Know when to hold ‘em…Know when to walk away…Know when to run…
I had so much fun singing this song when I was a kid, but I don’t know that I understood how fully it could apply to so many things.
One of the many messages my dad tried to impress upon me as a kid was “picking your battles.”
One of my earliest memory of this lesson came in the sixth grade when my teacher called me a “rabble rouser” and kicked me out of class for inciting a riot with a short story I wrote for a contest.
Somehow my teacher lost my story and didn’t find it until after the entry deadline had passed. I accused her of having done it on purpose. She denied it and told me the story wasn’t any good anyway.
Someone else suggested that she read the story. Soon kids were demanding it.
The story was about a dog owner who favored one dog over the others for no particular reason. In the end he was savagely attacked and ripped to shreds by the other dogs. I was sure my teacher had correctly recognized herself as the pet owner in this story.
I remember my principal sending someone to the teacher to retrieve the story and then I sat there all huffed up and teary -eyed while she read it. She sent me home with the story and a note to give to my parents. Later my dad opened it, read the note and laughed hysterically. (Never did find out what the note said) Then he read the story.
Then we had a talk.
“Let’s talk about what you did wrong. And let’s talk about what you did right.”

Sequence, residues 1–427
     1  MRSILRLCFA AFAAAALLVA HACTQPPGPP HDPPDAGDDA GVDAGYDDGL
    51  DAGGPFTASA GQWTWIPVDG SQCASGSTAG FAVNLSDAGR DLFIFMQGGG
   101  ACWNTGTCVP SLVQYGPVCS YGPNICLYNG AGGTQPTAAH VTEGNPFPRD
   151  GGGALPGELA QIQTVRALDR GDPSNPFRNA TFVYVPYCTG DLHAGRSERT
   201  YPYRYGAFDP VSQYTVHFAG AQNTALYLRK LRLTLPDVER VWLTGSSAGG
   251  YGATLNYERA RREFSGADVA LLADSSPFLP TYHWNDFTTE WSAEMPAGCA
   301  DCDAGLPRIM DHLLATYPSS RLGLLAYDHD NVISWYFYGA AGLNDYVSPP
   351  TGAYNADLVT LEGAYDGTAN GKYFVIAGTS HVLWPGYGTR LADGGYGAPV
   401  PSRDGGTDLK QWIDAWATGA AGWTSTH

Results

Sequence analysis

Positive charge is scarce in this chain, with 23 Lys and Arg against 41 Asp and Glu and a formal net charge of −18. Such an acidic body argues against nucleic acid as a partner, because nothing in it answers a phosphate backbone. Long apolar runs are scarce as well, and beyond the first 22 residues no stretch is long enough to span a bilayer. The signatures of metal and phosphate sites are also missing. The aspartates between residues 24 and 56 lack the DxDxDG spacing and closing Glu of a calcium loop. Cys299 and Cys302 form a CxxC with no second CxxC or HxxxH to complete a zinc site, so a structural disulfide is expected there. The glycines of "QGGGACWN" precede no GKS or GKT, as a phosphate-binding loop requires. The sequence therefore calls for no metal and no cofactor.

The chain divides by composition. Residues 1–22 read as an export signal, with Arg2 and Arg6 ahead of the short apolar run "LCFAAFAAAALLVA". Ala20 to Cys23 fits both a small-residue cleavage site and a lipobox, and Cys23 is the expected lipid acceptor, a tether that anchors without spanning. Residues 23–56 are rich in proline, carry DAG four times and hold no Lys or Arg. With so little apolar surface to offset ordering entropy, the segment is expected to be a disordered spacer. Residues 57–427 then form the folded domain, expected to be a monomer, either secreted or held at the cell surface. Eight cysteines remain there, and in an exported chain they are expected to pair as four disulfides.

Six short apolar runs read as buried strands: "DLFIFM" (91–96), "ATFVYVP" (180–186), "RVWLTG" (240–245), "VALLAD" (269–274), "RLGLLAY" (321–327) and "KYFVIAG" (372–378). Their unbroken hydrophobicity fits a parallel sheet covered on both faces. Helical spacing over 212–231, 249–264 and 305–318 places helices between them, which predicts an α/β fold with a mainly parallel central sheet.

This was my favorite opener from Dad. It indicated I was in trouble, but probably not going to get a whoopin’.
Right included standing up for myself and creating an awareness of a situation that needed to be addressed.
Wrong included bad timing, which I apparently displayed by confronting her during class with a room full of students and starting and egging on an unnecessary fight.
“You should have known you made your point when she ‘lost’ your story. She knew what you were saying. She just didn’t want anyone else to know what you were saying.”
And then he said something that I can only describe as a horribly profane version of the ol’ “don’t argue with fools” line. (You’ve heard this: because people from a distance can’t tell which one is the fool)
I’m reminded of this conversation after I ran right into someone I think I had managed to avoid for some time now. This Supreme Debater will walk into any group, drop a specific topic into any conversation and the minute someone replies, it’s off to the races.
After the first couple times I got really good at seeing the trap being set and there were times when I noticed no one took the bait and this person moved on to start again elsewhere. After months underground (not sure which of us went underground but our paths diverged), they popped up right next to me.